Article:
cashew quinoa energy bars

Several moons ago, I began dabbling in the art of the Wayfaring Chocolate ‘raw balls‘ recipes. Never before had I harbored any sort of interest in raw food, let alone things labeled near-vegan or no-bake. But I found myself hooked by these simple recipes, and the endless possibilities out there for combining nuts, dates, and other such tasties.

More recently, I’ve been fascinated by the nutritional research and dietary changes made by my blog pal Sarah and her family. The idea that overconsumption of grains is unhealthy had never occurred to me, perhaps because I love to eat gigantic bowls of pasta every chance I get. But now (although I still eat plenty of grains), I’m trying to work more grain alternatives into my diet, such as quinoa and chia seeds. Thank you, Sarah, for changing my outlook on nutrition.

Most recently, I went for another hike in Baxter State Park. I didn’t bring my camera with me this time, but I brought an idea. The night before hiking, I woke from a dream in which I combined cashews and quinoa into some sort of delicious ‘raw ball’ treat. The idea stuck with me, and I made sure to stock up on dates and cashews so that I could experiment.

These are not raw. I ended up baking them because I wanted to go with a looser ‘dough,’ if you will, one that would benefit from a crisp-up in the oven. That way, they’re kind of like a grainless granola bar. They are crunchy, nutty, and make for a wonderful midday snack. I recommend keeping them in the fridge for extra crispness.


So, last weekend’s hike. It was a hot and sunny day, and the bugs were much less bothersome than last time around. Our hike du jour was a 7.3 mile jaunt along the Fowler Brook and Middle Fowler Pond Trails, plus a quick .6 up and down Barrel Ridge, and also a roughly 2-mile triangulated bushwhack up and down the trail-less Bald Mountain, making for a total of nearly ten miles.

It was a 6.5 hour endeavor, and due to the bushwhacking I accumulated 49 scrapes on my arms and legs, and one puncture wound from a perilously large branch. It was all in good fun, although, yes, we ran out of water again. This cycle of abuse needs to stop.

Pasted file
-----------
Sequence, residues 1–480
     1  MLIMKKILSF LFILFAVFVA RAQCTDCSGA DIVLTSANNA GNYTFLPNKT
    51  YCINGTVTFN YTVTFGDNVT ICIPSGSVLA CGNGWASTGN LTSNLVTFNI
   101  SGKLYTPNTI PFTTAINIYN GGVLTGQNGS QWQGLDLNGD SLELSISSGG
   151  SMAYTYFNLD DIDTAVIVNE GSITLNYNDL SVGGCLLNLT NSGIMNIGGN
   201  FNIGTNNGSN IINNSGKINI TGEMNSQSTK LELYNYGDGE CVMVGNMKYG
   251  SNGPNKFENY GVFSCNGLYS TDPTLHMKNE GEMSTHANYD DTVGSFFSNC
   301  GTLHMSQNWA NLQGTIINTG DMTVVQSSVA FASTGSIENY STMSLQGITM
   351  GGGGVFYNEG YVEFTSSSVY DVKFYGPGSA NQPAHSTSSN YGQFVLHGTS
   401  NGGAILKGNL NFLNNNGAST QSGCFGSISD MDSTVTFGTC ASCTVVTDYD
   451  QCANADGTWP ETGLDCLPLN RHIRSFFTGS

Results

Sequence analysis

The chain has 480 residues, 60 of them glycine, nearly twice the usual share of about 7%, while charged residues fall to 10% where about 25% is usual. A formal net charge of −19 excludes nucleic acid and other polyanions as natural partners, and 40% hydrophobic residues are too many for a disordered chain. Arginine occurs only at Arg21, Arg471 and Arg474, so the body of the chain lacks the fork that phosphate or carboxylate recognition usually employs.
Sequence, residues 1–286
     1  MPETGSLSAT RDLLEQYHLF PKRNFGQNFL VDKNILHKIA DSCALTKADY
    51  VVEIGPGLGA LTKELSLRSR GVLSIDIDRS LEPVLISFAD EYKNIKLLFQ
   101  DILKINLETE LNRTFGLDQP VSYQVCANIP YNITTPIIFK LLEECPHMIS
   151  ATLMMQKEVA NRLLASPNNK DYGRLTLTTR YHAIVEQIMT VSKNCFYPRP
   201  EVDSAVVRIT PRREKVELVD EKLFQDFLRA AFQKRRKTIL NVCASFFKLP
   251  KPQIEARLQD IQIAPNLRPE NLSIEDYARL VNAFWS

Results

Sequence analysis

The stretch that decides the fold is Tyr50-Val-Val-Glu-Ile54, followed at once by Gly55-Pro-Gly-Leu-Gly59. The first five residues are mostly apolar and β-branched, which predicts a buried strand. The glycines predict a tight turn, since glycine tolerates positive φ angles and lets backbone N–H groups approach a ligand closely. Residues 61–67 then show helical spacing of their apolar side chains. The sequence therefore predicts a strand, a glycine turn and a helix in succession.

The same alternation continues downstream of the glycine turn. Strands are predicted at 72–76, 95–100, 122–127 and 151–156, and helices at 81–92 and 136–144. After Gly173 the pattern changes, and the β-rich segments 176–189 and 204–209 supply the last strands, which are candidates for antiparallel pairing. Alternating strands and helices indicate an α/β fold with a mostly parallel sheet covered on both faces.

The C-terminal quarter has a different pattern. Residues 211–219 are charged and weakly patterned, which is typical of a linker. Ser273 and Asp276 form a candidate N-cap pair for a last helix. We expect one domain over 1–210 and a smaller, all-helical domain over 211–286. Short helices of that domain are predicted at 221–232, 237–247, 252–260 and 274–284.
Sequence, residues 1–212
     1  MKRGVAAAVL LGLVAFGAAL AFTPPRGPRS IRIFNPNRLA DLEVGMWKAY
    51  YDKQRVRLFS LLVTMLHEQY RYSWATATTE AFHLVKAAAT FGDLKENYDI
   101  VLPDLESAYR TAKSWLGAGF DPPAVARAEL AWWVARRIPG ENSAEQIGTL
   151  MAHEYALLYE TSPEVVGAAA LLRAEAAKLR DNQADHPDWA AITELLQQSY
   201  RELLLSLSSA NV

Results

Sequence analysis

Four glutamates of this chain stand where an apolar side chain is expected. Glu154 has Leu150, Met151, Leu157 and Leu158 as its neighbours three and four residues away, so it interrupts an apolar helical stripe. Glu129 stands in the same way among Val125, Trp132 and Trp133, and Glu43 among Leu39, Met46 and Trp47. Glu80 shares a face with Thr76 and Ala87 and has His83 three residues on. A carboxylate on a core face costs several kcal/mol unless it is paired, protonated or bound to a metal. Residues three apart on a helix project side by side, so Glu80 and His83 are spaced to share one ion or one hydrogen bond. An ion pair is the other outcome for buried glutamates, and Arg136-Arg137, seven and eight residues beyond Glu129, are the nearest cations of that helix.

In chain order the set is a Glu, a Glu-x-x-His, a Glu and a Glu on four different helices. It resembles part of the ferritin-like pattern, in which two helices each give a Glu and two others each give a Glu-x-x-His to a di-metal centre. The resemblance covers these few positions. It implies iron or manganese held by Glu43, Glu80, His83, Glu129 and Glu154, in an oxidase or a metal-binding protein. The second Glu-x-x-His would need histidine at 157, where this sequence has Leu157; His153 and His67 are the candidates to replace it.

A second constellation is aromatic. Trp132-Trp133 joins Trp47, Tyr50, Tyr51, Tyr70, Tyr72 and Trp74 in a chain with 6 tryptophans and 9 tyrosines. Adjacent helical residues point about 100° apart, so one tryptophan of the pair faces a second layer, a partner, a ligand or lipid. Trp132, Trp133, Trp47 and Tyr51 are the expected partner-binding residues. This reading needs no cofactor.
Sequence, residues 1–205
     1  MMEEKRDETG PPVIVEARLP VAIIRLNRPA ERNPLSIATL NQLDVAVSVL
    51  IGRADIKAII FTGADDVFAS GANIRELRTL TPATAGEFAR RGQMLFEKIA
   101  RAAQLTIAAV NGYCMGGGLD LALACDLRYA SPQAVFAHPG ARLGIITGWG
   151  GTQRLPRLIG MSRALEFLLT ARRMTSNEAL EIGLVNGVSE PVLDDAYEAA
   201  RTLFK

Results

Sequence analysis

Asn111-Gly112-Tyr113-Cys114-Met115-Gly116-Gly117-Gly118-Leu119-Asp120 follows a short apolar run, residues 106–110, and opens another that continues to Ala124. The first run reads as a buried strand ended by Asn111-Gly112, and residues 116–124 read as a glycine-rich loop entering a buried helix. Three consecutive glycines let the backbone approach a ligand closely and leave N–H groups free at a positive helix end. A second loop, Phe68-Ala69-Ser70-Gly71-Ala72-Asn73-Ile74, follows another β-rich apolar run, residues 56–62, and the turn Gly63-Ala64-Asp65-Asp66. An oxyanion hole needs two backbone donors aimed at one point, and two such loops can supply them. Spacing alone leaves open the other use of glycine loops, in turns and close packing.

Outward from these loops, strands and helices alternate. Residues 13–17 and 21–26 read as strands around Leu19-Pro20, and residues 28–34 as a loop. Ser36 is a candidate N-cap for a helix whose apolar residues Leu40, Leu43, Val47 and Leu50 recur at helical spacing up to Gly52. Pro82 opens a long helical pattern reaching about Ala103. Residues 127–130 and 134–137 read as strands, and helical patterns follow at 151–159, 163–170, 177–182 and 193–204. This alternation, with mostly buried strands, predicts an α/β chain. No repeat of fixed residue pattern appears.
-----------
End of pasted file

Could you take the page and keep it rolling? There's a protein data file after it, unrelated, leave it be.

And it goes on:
Here are a few photos from last year [although the computer claims they were taken on May 28th, 1956, at 1:36am] on the nearby Traveler loop. The Traveler is much higher in elevation than we were this past weekend, but it is adjacent to where we were hiking – to give you an idea of the scenic beauty near Baxter’s South Branch Pond campground.

On to that energy bar recipe – perfect to bring along on hikes, if you remember to wrap the semi-sticky bars in wax paper beforehand. Also perfect to eat mid-afternoon, after a day spent lazing about in the yard, getting sunburnt.

Cashew Quinoa Energy Bars

A recipe created by my brain during REM sleep


1/2 c. cashews, soaked in water 1 hour
1/4 tsp salt
1/4 c. quinoa, cooked and cooled
1/2 c. cashews
1/2 c. almonds
1 2/3 c. dates
1 tbsp honey
1/2 tsp vanilla


Preheat over to 350 F. In a food processor, pulse the softened cashews and salt. Add quinoa, additional cashews, almonds,  dates, honey and vanilla, and pulse until combined.

Butter or spray a loaf pan (I used a 9 x 5″ pan), and press mixture into pan. Bake for 15-22 minutes, until edges are crispy and center of pan appears to be somewhat thickened. Remove from oven. Score lines into the pan; I created 14 rectangles that were each roughly 1 x 2″. Cool, remove from pan, and store covered in the refrigerator.

Variations: Next time I will try not soaking the cashews, and will see if there is enough liquid without doing so to bind with the quinoa and make no-bake balls. I also may add a small amount of almond extract, in place of, or in addition to, the vanilla.

hiking the freezeout and frost pond trails in baxter

Last weekend, after constructing a raised garden bed (welcome to my yard, carrots and turnips!), we headed southwest to Baxter State Park. We camped for a night along the deceptively-pleasant shores of Grand Lake Matagamon, which quickly proved to be the breeding ground of roughly 6.66 million black flies. The following day we surprised ourselves by hiking a rather long trail in an impressively short amount of time, only in part speeding along to escape the aforementioned bloodsucking terrors.

I recently made a promise to document my Baxter hikes here, and this is the first installment of that promise.

We mixed the tequila in the above photo with some wonderful not-too-sweet Strawberry Lemonade I had made the day before. If you’re looking for another refreshing summery lemonade, try this one, which I hope to make next.

The hike was simple in theory and practice: 11.2 miles on relatively flat terrain, with only one small mountain to scale (if you can even call it a mountain). The only head scratcher came just past the finish line – the hike was not a loop. Instead, the trail emerged 5.6 miles down the park road from the starting point, and the car.